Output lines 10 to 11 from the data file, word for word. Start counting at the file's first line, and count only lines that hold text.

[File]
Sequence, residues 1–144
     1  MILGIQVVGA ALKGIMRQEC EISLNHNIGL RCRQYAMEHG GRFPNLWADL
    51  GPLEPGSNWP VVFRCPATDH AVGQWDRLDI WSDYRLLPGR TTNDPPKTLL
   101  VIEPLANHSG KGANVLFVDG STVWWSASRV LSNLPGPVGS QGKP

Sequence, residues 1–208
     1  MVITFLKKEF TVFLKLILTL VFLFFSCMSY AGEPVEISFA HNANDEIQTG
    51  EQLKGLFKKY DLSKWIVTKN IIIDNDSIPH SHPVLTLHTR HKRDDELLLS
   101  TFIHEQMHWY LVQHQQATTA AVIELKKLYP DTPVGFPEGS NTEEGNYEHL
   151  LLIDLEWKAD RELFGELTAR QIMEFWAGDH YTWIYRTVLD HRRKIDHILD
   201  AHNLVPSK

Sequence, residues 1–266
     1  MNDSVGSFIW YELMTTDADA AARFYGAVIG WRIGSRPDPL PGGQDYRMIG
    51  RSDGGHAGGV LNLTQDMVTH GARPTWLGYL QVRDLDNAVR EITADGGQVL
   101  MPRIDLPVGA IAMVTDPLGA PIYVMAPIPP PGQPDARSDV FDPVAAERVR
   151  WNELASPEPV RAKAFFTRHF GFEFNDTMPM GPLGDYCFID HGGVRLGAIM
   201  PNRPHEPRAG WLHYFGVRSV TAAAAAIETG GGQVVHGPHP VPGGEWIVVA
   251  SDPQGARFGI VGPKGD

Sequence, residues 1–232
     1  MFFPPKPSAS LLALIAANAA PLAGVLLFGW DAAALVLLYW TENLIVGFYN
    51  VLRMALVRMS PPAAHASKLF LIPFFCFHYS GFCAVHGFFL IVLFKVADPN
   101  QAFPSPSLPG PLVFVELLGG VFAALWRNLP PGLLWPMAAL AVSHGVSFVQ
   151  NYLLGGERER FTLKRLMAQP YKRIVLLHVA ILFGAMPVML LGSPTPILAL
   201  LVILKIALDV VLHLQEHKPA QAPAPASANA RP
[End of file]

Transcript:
   201  AHNLVPSK

Sequence, residues 1–266